Center for Alaska Native Health Research
Institute of Arctic Biology
205 Arctic Health Research Building

 

Phone: 907-474-5528

1-888-470-5576 toll-free within Alaska 

Fax: 907-474-5700

uaf-iab-canhr@alaska.edu

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Cuqyun

Cuqyun (Yup’ik term for ‘a measuring tool’) is a developmental project linked with the long term, programmatic PA research.

Developing Indigenous Research Methodologies in the Arctic: Examining the Impacts of Settlement on Socialization and Youth Experience in Alaska and Siberia

This study explores the research methods and practices of two indigenous anthropologists working with indigenous youth and communities on issues related to social change and wellbeing in the circumpolar north.

Development of a Computerized Adaptive Testing Program for Alaska Natives Project

This project focuses on the development of a computerized adaptive testing (CAT) program as an alternative to conventional testing approaches for Alaska Natives (ANs).

Development of New Technique to Measure DNA Damage for NASA’s Applications

Current techniques to measure DNA damage and repair are limited to laboratory setting. In collaboration with Dr. Cheng-fu Chen (Engineering Department) we are developing new approach to measure DNA damage in the field settings.

Diet, Obesity, Inflammation and the Risk of Type 2 Diabetes in Alaska Native People.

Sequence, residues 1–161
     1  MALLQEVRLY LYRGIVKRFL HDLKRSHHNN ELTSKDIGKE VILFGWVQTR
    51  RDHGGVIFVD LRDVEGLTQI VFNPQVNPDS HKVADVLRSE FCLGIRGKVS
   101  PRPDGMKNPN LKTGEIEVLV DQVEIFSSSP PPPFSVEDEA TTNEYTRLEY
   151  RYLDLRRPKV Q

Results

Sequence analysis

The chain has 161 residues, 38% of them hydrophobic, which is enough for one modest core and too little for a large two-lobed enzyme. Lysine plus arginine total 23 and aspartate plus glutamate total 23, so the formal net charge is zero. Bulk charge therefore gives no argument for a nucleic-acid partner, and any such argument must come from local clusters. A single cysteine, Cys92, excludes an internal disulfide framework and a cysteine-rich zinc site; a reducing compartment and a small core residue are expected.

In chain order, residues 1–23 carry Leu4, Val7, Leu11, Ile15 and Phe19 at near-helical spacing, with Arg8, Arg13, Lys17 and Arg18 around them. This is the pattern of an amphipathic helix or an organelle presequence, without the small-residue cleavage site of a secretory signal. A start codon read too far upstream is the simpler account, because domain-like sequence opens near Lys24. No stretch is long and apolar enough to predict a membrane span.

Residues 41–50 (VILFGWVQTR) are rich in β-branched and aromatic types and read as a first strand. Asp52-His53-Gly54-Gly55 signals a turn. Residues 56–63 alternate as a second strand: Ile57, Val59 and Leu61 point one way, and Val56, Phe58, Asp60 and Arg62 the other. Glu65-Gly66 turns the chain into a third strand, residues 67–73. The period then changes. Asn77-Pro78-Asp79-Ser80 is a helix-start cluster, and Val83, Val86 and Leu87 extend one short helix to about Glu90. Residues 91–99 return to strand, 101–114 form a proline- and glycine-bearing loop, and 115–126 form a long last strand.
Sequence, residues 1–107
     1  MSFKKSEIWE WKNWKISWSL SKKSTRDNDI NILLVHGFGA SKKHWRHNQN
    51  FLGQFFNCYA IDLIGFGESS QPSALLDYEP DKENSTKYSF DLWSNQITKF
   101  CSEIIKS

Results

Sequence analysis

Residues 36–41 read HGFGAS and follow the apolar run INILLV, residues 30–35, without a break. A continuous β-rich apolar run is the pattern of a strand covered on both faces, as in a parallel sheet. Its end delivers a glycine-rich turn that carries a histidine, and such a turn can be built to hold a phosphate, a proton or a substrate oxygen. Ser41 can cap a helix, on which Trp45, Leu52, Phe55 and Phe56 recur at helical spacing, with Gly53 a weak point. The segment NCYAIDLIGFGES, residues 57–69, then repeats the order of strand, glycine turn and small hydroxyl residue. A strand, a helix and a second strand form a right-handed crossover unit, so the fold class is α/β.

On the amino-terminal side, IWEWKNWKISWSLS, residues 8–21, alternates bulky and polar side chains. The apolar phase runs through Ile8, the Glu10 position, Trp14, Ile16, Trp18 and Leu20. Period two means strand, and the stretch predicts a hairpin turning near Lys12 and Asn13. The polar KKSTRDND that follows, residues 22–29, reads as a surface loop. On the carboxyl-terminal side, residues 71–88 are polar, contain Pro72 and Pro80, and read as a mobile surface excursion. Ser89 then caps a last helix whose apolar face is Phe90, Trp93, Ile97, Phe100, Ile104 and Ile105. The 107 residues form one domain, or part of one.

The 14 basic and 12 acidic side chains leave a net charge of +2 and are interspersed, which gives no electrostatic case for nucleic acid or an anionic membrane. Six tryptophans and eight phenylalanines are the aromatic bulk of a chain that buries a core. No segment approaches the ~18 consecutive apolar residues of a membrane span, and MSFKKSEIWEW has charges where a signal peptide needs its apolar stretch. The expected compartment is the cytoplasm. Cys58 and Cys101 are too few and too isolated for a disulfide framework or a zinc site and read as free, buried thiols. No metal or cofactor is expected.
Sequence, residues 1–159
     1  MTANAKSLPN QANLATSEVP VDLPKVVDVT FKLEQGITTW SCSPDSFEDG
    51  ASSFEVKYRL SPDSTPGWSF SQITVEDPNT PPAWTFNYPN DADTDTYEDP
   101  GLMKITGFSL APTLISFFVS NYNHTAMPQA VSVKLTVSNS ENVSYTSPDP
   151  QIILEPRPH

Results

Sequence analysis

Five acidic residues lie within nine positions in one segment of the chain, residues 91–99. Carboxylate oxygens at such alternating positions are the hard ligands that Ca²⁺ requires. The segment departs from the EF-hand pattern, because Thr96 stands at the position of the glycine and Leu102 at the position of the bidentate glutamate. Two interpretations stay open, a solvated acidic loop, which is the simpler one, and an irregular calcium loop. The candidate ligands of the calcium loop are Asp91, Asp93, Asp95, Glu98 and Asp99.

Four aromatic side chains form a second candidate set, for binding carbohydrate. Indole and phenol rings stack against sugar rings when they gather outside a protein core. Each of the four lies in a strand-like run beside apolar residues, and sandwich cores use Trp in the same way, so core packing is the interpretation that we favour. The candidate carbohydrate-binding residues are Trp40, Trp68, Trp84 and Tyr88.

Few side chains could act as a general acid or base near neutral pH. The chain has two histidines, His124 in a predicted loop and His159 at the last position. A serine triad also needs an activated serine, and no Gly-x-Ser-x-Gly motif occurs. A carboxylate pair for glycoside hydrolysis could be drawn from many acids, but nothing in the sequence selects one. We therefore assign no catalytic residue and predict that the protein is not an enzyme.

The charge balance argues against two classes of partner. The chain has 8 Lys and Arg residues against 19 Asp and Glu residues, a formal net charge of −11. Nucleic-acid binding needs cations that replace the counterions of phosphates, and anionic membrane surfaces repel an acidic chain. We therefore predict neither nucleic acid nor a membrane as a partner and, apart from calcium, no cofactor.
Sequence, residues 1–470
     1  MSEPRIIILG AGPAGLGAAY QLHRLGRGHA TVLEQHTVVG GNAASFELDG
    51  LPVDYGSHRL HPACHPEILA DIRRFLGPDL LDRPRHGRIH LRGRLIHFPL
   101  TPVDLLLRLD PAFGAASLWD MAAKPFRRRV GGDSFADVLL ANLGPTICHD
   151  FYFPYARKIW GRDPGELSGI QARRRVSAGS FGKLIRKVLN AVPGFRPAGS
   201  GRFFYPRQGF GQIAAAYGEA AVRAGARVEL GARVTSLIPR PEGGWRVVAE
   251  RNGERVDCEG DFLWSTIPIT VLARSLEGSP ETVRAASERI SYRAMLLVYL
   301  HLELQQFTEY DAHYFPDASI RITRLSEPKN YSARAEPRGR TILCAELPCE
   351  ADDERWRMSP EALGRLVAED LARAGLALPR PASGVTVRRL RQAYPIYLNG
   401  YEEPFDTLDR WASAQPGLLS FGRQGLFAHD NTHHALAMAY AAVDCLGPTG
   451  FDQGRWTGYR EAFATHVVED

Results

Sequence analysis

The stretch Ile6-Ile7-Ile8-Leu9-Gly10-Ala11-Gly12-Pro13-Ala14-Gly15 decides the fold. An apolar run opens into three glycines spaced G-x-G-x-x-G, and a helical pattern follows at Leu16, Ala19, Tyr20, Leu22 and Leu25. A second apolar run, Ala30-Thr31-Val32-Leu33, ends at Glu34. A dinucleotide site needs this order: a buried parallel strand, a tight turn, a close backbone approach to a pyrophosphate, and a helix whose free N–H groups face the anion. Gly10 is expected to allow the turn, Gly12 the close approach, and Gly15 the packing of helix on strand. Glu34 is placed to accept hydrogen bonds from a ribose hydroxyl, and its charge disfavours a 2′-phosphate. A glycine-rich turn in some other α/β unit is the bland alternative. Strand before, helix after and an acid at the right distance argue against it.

Our research project is the first to study the uncoupling of obesity and chronic inflammation in relation to Type II Diabetes.

Eagle-i Consortium

CANHR was a collaborator in the eagle-i Consortium, which collected resource information about animal models, reagents, tissue banks, core laboratories, human health study protocols and student research opportunities.

Elluam Tungiinun Egelruciq Ikayuulluta Agayutmek: Movement Towards Wellness Together with the Help of God/Creator

Elluam Tungiinun is a prevention trial to test the efficacy of the project’s culturally based approach to suicide and substance abuse prevention in three Yup'ik communities in southwest Alaska.

Ethics of Dissemination

In collaboration with investigators at the Center for Genomics and Healthcare Equality at the University of Washington, this interdisciplinary partnership will develop a culturally meaningful communications strategy for different types of genetic results.

Exploring how Alaska Native cultural values are interconnected with cancer

Cancer is currently the leading cause of death among Alaska Native people.

Fish-to-Schools: A Model to Enhance Health and Food Security in Alaska Native Communities

The health of Alaska Native people is inextricably tied to their traditional food system. Degradation of the food system over the past several decades due to changes in climate and socioeconomic pressures, however, has resulted in a shift in dietary patterns and contributed to growing health disparities.